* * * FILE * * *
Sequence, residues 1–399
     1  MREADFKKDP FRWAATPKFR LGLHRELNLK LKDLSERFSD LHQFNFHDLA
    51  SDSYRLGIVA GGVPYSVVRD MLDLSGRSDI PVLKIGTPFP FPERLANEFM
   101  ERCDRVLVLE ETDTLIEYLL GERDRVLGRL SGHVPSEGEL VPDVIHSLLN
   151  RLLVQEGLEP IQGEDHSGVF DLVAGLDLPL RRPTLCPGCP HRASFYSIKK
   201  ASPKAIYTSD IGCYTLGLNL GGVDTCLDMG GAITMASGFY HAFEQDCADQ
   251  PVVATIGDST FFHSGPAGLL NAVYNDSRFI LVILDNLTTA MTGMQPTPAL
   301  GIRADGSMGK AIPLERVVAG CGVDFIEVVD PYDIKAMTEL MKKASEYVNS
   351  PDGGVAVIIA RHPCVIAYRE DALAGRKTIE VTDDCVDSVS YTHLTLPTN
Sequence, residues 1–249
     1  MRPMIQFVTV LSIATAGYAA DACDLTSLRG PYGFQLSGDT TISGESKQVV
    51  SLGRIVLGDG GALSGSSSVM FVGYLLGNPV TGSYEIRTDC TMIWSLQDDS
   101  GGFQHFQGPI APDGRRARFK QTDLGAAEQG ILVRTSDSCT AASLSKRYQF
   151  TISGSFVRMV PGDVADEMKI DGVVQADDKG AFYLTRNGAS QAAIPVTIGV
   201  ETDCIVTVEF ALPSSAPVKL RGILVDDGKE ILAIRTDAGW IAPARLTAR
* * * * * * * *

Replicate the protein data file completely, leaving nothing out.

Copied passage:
Sequence, residues 1–399
     1  MREADFKKDP FRWAATPKFR LGLHRELNLK LKDLSERFSD LHQFNFHDLA
    51  SDSYRLGIVA GGVPYSVVRD MLDLSGRSDI PVLKIGTPFP FPERLANEFM
   101  ERCDRVLVLE ETDTLIEYLL GERDRVLGRL SGHVPSEGEL VPDVIHSLLN
   151  RLLVQEGLEP IQGEDHSGVF DLVAGLDLPL RRPTLCPGCP HRASFYSIKK
   201  ASPKAIYTSD IGCYTLGLNL GGVDTCLDMG GAITMASGFY HAFEQDCADQ
   251  PVVATIGDST FFHSGPAGLL NAVYNDSRFI LVILDNLTTA MTGMQPTPAL
   301  GIRADGSMGK AIPLERVVAG CGVDFIEVVD PYDIKAMTEL MKKASEYVNS
   351  PDGGVAVIIA RHPCVIAYRE DALAGRKTIE VTDDCVDSVS YTHLTLPTN
Sequence, residues 1–249
     1  MRPMIQFVTV LSIATAGYAA DACDLTSLRG PYGFQLSGDT TISGESKQVV
    51  SLGRIVLGDG GALSGSSSVM FVGYLLGNPV TGSYEIRTDC TMIWSLQDDS
   101  GGFQHFQGPI APDGRRARFK QTDLGAAEQG ILVRTSDSCT AASLSKRYQF
   151  TISGSFVRMV PGDVADEMKI DGVVQADDKG AFYLTRNGAS QAAIPVTIGV
   201  ETDCIVTVEF ALPSSAPVKL RGILVDDGKE ILAIRTDAGW IAPARLTAR